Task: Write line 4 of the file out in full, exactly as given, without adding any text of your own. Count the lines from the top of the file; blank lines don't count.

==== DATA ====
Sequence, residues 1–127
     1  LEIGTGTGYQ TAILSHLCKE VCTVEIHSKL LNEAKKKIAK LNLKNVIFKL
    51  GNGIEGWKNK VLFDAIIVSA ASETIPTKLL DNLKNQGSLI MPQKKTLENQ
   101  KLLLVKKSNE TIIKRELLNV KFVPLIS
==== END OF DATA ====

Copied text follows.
   101  KLLLVKKSNE TIIKRELLNV KFVPLIS